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Let's Take One Last Look Back at Philly's "Art Deco Palace"

Pearl Properties, who bought the Boyd Theater for $4.5 million in October 2014, has begun demolition work at the 1928 Art Deco theater. It is speculated that plans do include the incorporation of the façade into a residential tower at 19th and Chestnut. In addition, demolition plans recently "submitted to Historical Commission indicate Pearl intends to raze most of the Boyd's auditorium but retain the entire historic lobby - one of the theatre's most richly decorated and iconic spaces", and which according to some, was "the basis for the entire legal battle preceding the agreement" last April, struck between the theater's then-owner Live Nation, the Philadelphia Historical Commission, the Friends of the Boyd, and the Preservation Alliance.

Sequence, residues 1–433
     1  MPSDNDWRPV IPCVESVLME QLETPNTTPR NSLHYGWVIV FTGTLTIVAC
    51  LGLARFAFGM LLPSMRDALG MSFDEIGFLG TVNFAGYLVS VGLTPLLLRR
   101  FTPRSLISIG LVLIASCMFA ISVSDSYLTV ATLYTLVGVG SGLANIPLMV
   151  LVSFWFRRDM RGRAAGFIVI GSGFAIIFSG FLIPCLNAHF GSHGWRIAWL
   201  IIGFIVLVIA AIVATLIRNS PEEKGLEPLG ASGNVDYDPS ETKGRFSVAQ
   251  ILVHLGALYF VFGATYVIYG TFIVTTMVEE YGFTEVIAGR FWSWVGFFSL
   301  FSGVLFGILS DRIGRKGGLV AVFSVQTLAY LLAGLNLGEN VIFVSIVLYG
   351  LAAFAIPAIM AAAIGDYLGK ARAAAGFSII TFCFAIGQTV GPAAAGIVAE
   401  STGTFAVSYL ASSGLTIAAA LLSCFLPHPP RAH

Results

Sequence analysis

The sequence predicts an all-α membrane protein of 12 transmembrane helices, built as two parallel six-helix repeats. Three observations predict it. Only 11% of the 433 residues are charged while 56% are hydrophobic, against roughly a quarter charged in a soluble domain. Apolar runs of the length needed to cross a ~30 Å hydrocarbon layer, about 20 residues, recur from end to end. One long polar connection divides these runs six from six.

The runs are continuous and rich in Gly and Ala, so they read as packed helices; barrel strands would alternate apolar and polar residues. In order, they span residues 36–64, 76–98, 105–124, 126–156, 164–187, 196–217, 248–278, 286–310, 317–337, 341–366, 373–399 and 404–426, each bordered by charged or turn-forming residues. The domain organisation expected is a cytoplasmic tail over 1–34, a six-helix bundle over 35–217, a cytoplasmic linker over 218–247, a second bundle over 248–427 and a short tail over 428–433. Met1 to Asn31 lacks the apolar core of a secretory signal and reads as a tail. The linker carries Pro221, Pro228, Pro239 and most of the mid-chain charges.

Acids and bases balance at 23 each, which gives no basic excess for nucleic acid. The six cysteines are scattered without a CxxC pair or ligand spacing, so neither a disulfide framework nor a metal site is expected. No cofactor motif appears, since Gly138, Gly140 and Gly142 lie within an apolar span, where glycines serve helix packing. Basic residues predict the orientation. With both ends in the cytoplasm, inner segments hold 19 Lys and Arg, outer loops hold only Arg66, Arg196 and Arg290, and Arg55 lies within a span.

"It is heartbreaking," said Howard Haas, president of the Friends of the Boyd, of the demolition. "Friends of the Boyd waged a 13-year battle to save the Boyd. Philadelphia will no longer have any premiere movie palaces remaining."

The Boyd opened in 1928, and was the work of Philadelphia architecture firm Hoffman-Henon.
The 2,350-seat theater was the only Art Deco first-run moving picture theatre erected in the city. It was home to several notable first run films such as The Wizard of Oz in 1939 and Gone with the Wind in 1940.
In 1993, the theater hosted its final gala event - the world premiere of Jonathan Demme's Philadelphia, which he and film co-stars Tom Hanks and Denzel Washington attended. Tom Hanks was reportedly amazed by the theater, exclaiming "Wow, a real movie palace!"

· Say bye to the Boyd [Curbed Philly]
· Heart-breaking demolition of Boyd []
· Boyd is doomed - but plan needs re-thinking [Curbed Philly]
· Peal Properties plan demolition for Boyd Theater [PlanPhilly]
· The Friends of the Boyd